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Norman Voters Reject All Four “GO Norman 2020” Bonds

City of Norman

All four “Go Norman 2020” bond propositions, which consisted of city projects with a combined cost of about $120 million, failed to pass in Tuesday’s county election. 


The propositions were voted on separately and aimed to finish the remaining Norman FORWARD projects, address homelessness in the city, renovate and expand municipal facilities and develop a relief program for small businesses affected by the COVID-19 pandemic.


“2020 has certainly not been short on challenges, and the outcome of tonight will undoubtedly present added challenges going forward,” Mayor Breea Clark Tweeted Tuesday night. “Normanites can rest assured that our Council and city staff are up for it!” 


According to the city’s website, the average Norman homeowner would have paid about $14 a month if all four bonds were approved. 


Proposition 1, the most expensive proposition, was rejected by about 59% of voters. It would have provided $85.6 million toward the completion of the remaining projects for Norman FORWARD, a proposal that was approved by voters in 2015 to fund quality-of-life projects such as a $59.4 million indoor multi-sport and aquatic facility. 



Credit Cynthia Rogers

Clark said this facility would have allowed Norman to host more sports tournaments which she said could create more economic opportunities and help the city recover from the COVID-19 pandemic. 


“Not only is it less travel for our athletes, but it helps bring that sport tourism piece to get people to stay in our community, to stay in our hotels and eat at our restaurants,” Clark said. 


But Cynthia Rogers, an economics professor at the University of Oklahoma, said research suggests sports facilities do not serve as economic drivers for the community and that pools typically don’t generate enough revenue to cover their expenses. 


“I think the question that we missed and the city just kind of skipped this step was ‘What’s the optimal size pool to balance all our needs and work within our budget?,’” Rogers said. “I think that’s the conversation we need to have, not do we want a pool or not. As taxpayers, we don’t get to vote on the size we want. We get take it or leave it.”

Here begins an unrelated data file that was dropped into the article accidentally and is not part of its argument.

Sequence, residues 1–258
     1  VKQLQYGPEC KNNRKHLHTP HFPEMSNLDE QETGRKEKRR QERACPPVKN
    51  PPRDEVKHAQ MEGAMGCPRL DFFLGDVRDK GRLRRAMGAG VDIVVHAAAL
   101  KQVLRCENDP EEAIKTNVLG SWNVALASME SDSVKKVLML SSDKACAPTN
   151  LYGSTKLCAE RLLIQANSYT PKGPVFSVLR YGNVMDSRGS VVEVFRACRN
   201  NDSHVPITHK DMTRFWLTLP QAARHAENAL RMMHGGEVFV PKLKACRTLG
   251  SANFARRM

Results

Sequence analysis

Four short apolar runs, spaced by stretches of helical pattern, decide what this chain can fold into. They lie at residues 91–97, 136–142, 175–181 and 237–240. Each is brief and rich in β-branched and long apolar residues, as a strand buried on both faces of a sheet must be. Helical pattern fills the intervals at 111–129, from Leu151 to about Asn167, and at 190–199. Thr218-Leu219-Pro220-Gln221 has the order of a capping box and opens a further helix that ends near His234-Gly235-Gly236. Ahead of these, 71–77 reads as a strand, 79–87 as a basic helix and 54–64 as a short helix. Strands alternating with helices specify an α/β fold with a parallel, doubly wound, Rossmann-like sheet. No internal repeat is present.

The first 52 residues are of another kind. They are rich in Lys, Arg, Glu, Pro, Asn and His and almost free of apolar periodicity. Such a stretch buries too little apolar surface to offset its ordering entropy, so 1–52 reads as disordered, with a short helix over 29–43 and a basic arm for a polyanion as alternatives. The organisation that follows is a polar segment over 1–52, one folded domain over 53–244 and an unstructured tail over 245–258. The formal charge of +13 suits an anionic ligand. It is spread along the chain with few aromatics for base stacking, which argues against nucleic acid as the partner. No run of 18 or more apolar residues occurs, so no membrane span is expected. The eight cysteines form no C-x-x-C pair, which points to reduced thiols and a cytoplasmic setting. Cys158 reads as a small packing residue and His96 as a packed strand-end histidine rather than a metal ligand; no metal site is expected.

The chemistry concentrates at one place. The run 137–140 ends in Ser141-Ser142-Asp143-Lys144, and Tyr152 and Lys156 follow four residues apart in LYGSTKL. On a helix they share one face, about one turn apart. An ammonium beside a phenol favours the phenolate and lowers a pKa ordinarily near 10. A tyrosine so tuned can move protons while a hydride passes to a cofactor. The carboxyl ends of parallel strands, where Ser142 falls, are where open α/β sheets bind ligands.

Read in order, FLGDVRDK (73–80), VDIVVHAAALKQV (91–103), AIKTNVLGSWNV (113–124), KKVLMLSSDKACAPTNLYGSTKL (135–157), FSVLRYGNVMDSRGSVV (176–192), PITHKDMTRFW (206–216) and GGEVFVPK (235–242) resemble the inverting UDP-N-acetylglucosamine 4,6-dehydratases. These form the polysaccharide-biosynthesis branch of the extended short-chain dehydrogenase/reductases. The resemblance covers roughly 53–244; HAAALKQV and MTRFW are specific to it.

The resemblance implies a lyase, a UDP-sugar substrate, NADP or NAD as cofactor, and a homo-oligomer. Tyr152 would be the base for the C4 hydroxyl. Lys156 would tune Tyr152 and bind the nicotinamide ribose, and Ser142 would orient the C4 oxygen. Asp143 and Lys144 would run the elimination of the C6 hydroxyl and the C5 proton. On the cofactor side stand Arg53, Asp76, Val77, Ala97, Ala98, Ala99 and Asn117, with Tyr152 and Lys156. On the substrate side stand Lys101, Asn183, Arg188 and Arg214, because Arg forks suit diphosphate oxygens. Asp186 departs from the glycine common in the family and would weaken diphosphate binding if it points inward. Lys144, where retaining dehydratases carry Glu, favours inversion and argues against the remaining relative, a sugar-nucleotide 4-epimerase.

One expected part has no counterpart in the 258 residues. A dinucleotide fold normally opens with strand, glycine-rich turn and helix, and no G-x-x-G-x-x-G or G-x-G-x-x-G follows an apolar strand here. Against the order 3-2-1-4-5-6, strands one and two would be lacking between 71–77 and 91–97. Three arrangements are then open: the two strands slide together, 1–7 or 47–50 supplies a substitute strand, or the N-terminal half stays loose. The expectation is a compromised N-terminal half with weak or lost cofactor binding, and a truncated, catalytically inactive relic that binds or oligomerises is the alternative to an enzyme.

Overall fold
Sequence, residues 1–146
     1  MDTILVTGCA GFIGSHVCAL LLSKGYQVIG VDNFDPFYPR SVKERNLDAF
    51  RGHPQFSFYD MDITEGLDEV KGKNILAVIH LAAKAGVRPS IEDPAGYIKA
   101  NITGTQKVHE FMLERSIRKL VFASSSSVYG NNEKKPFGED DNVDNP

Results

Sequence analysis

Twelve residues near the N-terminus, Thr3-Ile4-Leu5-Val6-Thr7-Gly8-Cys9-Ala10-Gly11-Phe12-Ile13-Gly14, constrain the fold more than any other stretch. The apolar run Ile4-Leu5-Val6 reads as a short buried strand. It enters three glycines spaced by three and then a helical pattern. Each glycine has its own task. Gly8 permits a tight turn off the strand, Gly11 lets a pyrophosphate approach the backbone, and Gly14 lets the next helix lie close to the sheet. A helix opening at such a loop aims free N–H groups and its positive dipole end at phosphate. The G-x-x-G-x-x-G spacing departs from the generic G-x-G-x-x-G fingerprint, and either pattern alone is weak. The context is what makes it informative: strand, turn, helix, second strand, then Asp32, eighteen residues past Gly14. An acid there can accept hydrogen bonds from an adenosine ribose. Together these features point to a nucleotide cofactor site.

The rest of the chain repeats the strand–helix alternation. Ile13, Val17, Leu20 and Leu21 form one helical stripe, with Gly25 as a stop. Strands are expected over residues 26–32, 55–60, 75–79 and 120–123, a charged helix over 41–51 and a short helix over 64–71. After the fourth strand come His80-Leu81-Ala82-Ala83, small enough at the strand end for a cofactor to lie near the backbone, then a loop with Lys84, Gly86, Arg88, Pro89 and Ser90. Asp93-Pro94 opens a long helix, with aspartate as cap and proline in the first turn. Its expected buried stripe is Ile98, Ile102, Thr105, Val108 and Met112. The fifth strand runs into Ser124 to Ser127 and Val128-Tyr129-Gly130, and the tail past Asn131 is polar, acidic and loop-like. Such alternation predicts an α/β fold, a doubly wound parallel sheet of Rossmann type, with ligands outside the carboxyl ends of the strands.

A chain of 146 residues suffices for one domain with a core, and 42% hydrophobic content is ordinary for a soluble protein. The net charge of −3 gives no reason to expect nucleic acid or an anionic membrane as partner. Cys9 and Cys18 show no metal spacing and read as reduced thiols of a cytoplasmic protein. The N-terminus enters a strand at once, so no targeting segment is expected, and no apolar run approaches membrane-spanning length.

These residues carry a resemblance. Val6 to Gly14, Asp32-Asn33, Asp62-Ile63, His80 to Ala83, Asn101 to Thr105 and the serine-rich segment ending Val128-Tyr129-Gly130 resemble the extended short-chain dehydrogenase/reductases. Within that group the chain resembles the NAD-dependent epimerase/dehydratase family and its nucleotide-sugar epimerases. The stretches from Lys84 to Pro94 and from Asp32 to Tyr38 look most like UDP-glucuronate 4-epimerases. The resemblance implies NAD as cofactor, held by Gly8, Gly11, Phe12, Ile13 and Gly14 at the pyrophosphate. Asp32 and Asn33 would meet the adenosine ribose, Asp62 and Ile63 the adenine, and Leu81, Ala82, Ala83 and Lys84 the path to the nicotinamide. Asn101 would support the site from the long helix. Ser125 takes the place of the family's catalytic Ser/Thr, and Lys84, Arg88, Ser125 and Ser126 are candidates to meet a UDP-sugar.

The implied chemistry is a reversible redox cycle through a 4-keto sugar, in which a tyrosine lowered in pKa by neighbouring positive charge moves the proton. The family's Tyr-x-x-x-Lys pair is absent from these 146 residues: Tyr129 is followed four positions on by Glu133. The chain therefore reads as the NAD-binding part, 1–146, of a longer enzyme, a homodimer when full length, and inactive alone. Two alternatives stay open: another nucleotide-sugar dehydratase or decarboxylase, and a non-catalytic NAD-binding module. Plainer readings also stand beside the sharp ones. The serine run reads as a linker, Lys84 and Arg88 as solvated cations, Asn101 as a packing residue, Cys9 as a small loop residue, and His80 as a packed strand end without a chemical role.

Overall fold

Proposition 2 would have authorized $5 million toward research, planning and construction for “one or more built solutions” for Norman’s homeless population. This proposal ended in the closest contest out of the four, being rejected by a difference of about 1.5% of the vote. 


Proposition 3 would have provided $24.3 million to renovate municipal facilities such as the police department, city hall and fleet and fire maintenance facilities. Clark said this would have created a “user friendly, one-stop shop” permitting location since these offices are currently housed in different buildings. 


This proposition would have also funded the construction of a new emergency operations/dispatch center, which is currently located in the basement of the police department. About 61% of voters rejected the measure. 


Proposition 4 would have authorized $5 million to create a relief program for small businesses impacted by the COVID-19 pandemic. 


“We could see the holes in funding that was coming from the state and the federal government to help these businesses and so ours (relief program) was looking at really kind of supporting the smaller businesses,” Clark said. 


The proposition would have also reimbursed businesses for expenses associated with transitioning to online services during the COVID-19 pandemic, according to Clark. 


About 59% of the votes for the proposal  were “No.” 


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Katelyn discovered her love for radio as a student employee at KGOU, graduating from the University of Oklahoma with a bachelor’s degree in journalism, and then working as a reporter and producer in 2021-22. Katelyn has completed internships at SiriusXM in New York City and at local news organizations such as The Journal Record and The Poteau Daily News. Katelyn served as president of the OU chapter of the Society of Professional Journalists from 2017 to 2020. She grew up in Midland, Texas.
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